Celebrating St George


This royal throne of kings, this scepter’d isle,
This earth of majesty, this seat of Mars,
This other Eden, demi-paradise,
This fortress built by Nature for herself
Against infection and the hand of war,
This happy breed of men, this little world,
This precious stone set in the silver sea,
Which serves it in the office of a wall,
Or as a moat defensive to a house,
Against the envy of less happier lands;
This blessed plot, this earth, this realm, this England,
Is now leas’d out,–I die pronouncing it,–
Like to a tenement or pelting farm:
England, bound in with the triumphant sea,
Whose rocky shore beats back the envious siege
Of watery Neptune, is now bound in with shame,
With inky blots, and rotten parchment bonds:
That England, that was wont to conquer others,
Hath made a shameful conquest of itself.

John of Gaunt (on a couch). Life and Death of King Richard II
Act II Scene 1: London: Ely House.

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4 Responses to Celebrating St George

  1. grumpydenier says:

    Is now leas’d out, – to EDF, –
    Like to a tenement, or wind farm:

    Good luck in May.

  2. Joseph T Croft says:

    I don’t celebrate St George myself , I prefer to celebrate our true Saint Edmund , ————————–St Edmund – Patron Saint of England

    November 20th is Saint Edmund’s Day, the true patron Saint of England. It is time to set the records straight, the Norman propagandists and their supporters have held sway for too long.

    When the Northmen from Normandy arrived in England towards the end of the 11th Century, they set about some cultural cleansing. They didn’t call it that in those days, they did not call it anything, but they clearly understood the purpose of their actions.

    The Norman intention was to remove obvious signs of Angle, Jutish and Saxon cultural emblems and symbols and replace them with something alien, different and more akin to whatever cultural pretentions the Normans had. Their first attempts were directed against English customs and language.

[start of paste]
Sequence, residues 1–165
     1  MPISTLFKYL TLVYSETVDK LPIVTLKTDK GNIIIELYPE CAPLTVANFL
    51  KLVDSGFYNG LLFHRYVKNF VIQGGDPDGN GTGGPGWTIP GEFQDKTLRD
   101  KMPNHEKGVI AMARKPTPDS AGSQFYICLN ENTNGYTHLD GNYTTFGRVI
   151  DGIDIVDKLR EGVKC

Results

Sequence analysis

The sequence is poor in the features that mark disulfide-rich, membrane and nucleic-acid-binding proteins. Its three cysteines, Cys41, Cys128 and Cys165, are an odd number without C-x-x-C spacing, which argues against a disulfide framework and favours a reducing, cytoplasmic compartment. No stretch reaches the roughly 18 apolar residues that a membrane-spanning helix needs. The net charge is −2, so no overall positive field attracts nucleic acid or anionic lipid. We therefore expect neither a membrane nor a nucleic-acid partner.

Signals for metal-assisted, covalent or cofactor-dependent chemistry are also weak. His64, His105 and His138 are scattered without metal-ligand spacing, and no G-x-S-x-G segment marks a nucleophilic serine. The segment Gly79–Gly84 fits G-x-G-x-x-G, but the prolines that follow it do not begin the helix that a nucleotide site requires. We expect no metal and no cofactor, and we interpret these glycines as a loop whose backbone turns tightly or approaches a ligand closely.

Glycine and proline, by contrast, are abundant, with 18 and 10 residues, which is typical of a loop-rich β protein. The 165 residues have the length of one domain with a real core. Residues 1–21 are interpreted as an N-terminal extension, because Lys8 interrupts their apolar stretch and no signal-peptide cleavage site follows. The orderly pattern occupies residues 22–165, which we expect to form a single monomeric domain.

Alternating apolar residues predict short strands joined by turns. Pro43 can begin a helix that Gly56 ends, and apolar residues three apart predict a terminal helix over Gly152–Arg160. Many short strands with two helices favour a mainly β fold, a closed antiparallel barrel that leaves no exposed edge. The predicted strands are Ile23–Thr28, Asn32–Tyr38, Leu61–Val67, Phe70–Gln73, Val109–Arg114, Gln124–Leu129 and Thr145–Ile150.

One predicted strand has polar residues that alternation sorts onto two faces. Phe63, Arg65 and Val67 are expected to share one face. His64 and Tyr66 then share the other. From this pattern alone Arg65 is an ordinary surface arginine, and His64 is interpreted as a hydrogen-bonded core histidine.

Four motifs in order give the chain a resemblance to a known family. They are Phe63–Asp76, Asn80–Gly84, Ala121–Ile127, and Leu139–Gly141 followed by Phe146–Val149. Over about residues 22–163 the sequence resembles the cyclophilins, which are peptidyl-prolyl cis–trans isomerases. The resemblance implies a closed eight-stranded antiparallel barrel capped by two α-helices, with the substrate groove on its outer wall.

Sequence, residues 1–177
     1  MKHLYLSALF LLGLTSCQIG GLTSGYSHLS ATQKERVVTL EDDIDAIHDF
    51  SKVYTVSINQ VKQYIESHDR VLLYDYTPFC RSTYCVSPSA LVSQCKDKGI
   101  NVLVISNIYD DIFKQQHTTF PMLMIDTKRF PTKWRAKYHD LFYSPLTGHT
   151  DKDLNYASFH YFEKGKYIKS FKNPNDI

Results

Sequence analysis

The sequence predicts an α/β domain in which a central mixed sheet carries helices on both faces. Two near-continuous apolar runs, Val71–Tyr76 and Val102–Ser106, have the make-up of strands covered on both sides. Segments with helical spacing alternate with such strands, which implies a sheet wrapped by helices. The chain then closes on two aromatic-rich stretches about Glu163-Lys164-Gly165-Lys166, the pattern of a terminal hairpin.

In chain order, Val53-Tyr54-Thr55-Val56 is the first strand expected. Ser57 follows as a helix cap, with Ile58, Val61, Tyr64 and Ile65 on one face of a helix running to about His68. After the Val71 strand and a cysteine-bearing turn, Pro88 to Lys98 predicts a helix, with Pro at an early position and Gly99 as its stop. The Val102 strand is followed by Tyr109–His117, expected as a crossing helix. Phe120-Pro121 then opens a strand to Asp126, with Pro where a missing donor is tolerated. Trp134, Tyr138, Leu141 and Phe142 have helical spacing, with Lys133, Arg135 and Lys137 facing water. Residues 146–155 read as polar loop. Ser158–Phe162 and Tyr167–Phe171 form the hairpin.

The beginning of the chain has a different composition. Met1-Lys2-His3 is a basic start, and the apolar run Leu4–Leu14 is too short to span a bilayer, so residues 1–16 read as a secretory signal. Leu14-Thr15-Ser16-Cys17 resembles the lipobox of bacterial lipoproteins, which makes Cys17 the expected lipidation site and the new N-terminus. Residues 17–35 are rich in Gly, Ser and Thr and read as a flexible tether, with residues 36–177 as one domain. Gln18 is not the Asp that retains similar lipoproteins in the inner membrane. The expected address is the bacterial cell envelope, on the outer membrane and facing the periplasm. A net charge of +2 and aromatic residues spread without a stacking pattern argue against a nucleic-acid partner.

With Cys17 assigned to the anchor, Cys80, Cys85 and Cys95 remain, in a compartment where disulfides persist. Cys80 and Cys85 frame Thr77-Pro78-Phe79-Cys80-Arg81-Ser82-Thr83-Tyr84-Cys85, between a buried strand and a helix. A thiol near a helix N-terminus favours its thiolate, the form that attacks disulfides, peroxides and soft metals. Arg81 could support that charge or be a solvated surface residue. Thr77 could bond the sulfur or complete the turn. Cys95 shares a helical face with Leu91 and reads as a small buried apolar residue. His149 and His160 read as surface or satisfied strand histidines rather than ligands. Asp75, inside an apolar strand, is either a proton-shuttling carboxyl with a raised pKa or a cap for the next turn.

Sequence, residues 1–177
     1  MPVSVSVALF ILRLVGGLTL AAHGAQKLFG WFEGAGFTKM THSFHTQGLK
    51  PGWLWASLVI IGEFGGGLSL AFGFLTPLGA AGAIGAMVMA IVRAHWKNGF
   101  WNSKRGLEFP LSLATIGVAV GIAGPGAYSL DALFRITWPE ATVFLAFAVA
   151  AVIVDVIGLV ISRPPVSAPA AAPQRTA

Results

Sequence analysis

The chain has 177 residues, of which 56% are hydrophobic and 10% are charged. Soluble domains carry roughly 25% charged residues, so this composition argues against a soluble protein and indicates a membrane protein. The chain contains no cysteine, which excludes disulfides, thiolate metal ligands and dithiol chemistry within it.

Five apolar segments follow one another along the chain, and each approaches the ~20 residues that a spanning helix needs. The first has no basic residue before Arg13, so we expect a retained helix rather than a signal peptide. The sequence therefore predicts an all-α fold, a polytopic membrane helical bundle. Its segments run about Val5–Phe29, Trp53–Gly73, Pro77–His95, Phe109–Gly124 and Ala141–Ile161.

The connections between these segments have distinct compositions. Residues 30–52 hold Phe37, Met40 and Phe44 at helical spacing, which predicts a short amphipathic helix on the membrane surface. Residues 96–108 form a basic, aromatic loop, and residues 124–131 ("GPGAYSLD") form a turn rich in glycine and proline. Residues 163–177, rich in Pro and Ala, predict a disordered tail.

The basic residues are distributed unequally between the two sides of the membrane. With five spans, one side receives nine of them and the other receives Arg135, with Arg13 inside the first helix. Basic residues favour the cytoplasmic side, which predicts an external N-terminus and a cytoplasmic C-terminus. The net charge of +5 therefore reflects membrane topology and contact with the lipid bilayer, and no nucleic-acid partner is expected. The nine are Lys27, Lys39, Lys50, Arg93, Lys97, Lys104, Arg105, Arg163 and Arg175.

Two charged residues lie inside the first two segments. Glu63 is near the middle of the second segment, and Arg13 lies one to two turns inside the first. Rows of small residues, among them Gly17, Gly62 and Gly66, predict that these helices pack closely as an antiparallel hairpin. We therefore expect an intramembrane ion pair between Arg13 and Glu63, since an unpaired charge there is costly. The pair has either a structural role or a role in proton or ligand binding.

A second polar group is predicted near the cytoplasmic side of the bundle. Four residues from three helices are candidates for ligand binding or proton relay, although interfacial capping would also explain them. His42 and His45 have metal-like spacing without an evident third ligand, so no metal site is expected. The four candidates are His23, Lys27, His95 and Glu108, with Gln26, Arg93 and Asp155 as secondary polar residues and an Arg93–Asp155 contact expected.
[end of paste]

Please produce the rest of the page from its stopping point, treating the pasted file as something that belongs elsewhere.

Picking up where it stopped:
Over the course of the next two centuries, the primacy of Saint Edmund the Martyr as the true patron Saint of the English and therefore England, was diminished in favour of the mythical image of a Middle Eastern St. George originating in the Papal/Norman Crusades.

    Although the Angles, Jutes and Saxons had other symbols of their origins such as the Raven, Boar, Wolf etc. their enduring and unifying emblem was the White Dragon – itself copied from the legions of Imperial Rome.

    As part of the power greedy Norman/Papal influence of the time and inspired by the religious fervour of the Crusades, the White Dragon Flag of the English was gradually replaced by the Red Cross (so called St. George’s Cross).

    The poetically beautiful personal names of the Angles, Jutes and Saxons, such as; Waltheof, Aelfred, Aelgifu, Aedward and many others, were lost to the more mundane names of Biblical origin with a few of Norman provenance thrown into the mix. Fortunately, since Victorian times we have enjoyed something of a revival in the use of many of our traditional English names.

    Tinkered with it might be, but our wonderfully expressive English language survived intact. Our foreign rulers of the 12th and 13th Centuries; tyrants all, had to bow to the will of the English in that respect. So it was and so it would be for the future.

  3. Mike Stallard says:

    I am appalled by the way that we Englishmen are so neglected and even attacked nowadays. By our own side of course. I understand that the White Males are under even more pressure in the USA.
    Shame really. St George’s Day might be a good time to celebrate what we have done for the world – nearly all good actually – as it slips back into barbarism now we have given up.

  4. Rich Tee says:

    I saw a comment recently that nobody displays the English flag. I suppose that must have been written by a southerner because where I live in the north of England I see it all the time, draped from bedroom windows, on vehicles and even on flagpoles at the end of gardens.

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